You can only create what existence (reality) will allow.

Then you need to reformulate what you have previously stated.

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Then you need to reformulate what you have previously stated.

OK, let's try this again.

productiveness, like every virtue, involves two integrated components: consciousness and existence; or thought and action; or knowledge and its material implementation. Neither of these components is dispensable to any productive man or activity

Could you please identify the "existence, action, material implementation" aspect of thinking purposefully about a material value?

If you are to implement the virture of productiveness, then existence (i.e., something real) is what you must be thinking about, the action you must be engaged in is thinking, and the material implementation -- the creation of a material value -- must be the ultimate goal of your thinking process.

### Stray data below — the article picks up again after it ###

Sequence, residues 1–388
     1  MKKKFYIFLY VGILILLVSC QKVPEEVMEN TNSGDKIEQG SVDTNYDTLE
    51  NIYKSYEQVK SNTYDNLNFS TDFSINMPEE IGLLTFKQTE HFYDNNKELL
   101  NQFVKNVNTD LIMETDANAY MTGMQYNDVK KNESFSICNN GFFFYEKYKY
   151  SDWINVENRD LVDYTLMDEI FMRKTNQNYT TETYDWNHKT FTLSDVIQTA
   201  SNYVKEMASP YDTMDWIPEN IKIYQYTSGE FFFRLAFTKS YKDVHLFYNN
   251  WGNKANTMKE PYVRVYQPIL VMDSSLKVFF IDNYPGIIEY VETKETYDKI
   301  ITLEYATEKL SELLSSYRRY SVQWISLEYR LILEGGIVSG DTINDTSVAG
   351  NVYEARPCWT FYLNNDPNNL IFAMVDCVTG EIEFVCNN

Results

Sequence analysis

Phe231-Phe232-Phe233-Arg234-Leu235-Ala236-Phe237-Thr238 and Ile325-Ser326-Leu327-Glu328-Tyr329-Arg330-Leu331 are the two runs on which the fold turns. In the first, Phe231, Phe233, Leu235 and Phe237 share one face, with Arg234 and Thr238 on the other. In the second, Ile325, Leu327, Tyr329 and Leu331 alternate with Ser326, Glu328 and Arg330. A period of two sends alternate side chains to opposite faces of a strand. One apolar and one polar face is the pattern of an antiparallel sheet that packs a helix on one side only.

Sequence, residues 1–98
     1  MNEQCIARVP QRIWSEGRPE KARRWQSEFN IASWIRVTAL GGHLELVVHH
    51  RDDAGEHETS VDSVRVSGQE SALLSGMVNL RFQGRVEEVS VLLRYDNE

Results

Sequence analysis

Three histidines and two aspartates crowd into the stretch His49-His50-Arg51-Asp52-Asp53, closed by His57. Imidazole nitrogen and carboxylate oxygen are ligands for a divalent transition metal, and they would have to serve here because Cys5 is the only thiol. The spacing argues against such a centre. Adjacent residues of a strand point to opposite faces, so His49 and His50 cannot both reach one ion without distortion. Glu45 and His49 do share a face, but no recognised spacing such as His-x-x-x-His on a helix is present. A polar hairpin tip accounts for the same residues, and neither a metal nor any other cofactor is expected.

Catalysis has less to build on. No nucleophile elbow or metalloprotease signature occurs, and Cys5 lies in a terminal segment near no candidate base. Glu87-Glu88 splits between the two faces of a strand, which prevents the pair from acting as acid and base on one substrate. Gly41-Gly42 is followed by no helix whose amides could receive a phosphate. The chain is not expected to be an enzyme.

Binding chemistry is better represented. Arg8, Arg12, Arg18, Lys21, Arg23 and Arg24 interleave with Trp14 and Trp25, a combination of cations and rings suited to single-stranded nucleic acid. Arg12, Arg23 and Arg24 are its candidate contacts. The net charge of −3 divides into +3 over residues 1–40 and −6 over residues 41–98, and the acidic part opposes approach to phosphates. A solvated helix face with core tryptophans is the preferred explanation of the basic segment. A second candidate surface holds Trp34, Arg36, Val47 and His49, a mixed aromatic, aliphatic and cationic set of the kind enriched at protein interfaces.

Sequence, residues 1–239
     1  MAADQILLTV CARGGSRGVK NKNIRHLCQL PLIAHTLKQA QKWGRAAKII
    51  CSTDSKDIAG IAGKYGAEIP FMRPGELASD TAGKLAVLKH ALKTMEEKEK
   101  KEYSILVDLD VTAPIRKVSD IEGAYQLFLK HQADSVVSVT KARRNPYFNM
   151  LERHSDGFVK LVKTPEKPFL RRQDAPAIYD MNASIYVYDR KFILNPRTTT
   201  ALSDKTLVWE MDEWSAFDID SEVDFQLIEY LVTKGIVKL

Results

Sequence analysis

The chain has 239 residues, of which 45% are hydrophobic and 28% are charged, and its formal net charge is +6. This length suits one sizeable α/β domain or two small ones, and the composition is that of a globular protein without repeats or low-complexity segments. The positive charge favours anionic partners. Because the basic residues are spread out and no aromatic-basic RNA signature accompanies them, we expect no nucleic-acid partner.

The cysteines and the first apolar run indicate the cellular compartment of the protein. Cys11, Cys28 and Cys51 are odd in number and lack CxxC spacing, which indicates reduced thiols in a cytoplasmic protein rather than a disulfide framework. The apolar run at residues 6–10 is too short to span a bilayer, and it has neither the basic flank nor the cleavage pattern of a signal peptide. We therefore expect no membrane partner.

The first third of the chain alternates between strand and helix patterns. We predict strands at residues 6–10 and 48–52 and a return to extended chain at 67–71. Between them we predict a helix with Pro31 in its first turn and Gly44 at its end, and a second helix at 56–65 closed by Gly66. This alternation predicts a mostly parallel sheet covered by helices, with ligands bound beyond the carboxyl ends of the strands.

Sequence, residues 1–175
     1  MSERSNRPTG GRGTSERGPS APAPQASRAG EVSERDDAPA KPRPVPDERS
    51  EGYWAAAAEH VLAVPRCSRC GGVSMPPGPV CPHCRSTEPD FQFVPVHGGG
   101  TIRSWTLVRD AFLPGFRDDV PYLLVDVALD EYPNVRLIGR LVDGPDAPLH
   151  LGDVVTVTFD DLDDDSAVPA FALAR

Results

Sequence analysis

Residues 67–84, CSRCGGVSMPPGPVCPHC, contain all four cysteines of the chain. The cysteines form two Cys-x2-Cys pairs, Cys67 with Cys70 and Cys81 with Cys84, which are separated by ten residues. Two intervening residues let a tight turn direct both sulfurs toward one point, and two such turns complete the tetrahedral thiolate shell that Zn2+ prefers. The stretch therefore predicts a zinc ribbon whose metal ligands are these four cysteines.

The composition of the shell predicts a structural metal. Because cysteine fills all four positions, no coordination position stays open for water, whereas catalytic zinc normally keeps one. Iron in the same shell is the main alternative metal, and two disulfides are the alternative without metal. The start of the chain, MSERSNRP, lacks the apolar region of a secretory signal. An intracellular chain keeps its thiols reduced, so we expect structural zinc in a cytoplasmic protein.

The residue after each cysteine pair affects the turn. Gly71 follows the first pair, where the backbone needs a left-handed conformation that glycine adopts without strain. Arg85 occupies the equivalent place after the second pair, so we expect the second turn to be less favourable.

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If you are to implement the virture of productiveness, then existence (i.e., something real) is what you must be thinking about, the action you must be engaged in is thinking, and the material implementation -- the creation of a material value -- must be the ultimate goal of your thinking process.

Great. We can agree on that, so far. Now, let's move beyond the "if" (the preconditions) and onto the actual exercise of the virtue. Rationality requires thought about reality, observation, conceptualization, integration. It is not the subject matter of rationality that distinguishes the virtues, it is the method by which rationality is used that distinguishes the virtues.

When I rely on my own judgment about reality, I am being independent. When I consider only those aspects that are relevent to the purpose I'm considering, I have integrity. When I don't let my emotions guide my thinking, I am being honest. When I am guided by my judgment and focus on those aspects that are relevant to achieving my purpose, and when I engage in physical activity to create a material value, I am engaged in productiveness. When I grant to others or myself (either through intellectual or physical trade) what has been earned, I am just. When I grasp that the power of my mind enables me to achieve my values, I experience pride.